Jack and the Beanstalk at the Hackney Empire
It’s that time of year again, when writers, designers and B-List celebrities attempt to out-camp, out-ham and otherwise outdo each other. It can only mean one thing, boys and girls: panto season. For the last decade, the venerable Hackney Empire’s foray into the slapstick and innuendo-laden world of pantomime has been under the stewardship of writer Susie Mckenna. This year, McKenna has set her sights on high-profile topics including climate change, the labour leadership and Boris Johnson (who, many might agree, wouldn’t look out of place in a panto himself) in her take on panto classic Jack and the Beanstalk.
Riding high on a string of successful shows (most recently a widely applauded rehash of genre staple Mother Goose), McKenna and lead designer Lotte Collett waste no time in introducing us to the vibrantly costumed land that Jack (Debbie Kurup) and pals inhabit. Introduced through exposition from rundown Mother Nature (Julia Sutton) and cameos by journalists Robert Peston and Jon Snow (who “knows nothing”), the audience discover that the once beautiful land of Hackney Dale has been plunged into perpetual winter by the evil giant Blunderbore (voiced by Matthew Kelly). Now, the rest of this well-trodden tale is well known, but it’s rare that a panto is judged solely on its story (which is helpful, as McKenna’s tale is a jumbled affair). Indeed, a good pantomime will offer something to both kids and their parents. A great pantomime will do this whilst also managing to balance slapstick and buffoonery with innuendo and subtlety, to the point where the whole affair becomes enjoyably exhausting.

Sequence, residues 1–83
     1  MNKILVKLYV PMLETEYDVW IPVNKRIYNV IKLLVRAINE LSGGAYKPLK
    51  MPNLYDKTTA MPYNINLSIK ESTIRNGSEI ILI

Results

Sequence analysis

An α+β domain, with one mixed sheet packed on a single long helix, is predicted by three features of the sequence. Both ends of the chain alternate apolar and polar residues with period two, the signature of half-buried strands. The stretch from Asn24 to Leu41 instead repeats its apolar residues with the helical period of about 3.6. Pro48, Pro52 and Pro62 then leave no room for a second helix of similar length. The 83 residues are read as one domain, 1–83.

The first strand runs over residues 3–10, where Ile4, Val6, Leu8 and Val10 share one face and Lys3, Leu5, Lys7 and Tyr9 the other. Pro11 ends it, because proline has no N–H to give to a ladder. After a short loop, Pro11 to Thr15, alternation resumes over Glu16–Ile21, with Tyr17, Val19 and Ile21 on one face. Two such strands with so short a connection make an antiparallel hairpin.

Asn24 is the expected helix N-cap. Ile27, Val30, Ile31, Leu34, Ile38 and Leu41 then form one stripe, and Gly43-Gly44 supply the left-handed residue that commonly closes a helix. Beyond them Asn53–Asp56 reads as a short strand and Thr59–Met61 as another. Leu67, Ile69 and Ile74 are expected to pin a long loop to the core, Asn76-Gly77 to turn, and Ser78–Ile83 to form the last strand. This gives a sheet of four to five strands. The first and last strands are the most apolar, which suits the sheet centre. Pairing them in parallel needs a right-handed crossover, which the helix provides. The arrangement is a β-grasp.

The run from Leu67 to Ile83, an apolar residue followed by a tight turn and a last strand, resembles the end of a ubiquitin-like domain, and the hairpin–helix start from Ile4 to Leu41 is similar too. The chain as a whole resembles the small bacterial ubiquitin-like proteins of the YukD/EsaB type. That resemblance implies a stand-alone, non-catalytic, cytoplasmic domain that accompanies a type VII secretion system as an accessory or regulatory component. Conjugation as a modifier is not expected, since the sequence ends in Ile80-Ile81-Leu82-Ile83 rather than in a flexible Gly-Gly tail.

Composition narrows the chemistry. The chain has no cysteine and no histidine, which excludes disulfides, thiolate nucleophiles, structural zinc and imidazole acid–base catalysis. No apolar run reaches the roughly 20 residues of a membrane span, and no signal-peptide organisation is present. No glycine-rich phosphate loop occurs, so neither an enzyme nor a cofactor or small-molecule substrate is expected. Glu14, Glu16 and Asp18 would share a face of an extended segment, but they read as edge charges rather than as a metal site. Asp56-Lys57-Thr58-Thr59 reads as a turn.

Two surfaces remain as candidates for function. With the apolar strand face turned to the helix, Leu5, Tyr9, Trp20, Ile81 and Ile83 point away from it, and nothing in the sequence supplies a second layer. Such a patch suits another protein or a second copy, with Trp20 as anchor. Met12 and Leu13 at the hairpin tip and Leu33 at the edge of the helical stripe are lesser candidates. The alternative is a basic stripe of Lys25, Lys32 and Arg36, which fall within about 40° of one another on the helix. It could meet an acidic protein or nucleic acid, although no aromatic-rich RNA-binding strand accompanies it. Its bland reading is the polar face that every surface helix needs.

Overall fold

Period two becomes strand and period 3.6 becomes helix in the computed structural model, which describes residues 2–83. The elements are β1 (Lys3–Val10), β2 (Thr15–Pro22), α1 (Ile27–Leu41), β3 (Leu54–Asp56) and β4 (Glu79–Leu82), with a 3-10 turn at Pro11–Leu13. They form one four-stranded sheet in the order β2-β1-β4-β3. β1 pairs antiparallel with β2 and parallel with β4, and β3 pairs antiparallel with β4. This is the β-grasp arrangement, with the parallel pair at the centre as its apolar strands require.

So, how does McKenna’s newest offering stack up? Sadly, not as well as it could. Undoubtedly, the cast do a brilliant job of maintaining frantic levels of energy; stage veteran, and Olivier award winner, Clive Rowe puts in a fabulously lewd turn as Dame Daisy (you will never consider a selfie stick in the same light again). Also of note are Kat B and Darren Hart (both returning to Hackney for panto season), playing Snowman and Clumsy Colin, who engage with the younger members of the audience through slapstick and larger-than-life characterisation. However, the show never becomes more than the sum of its parts; the pacing feels disjointed and the topical references not quite funny enough to break character for. “But this is some of McKenna’s best work!” you may cry. Oh no it isn’t.
Jack and the Beanstalk is on at the Hackney Empire from 21st November 2015 until 3rd January 2016, for further information or to book visit here.
Watch the trailer for Jack and the Beanstalk here: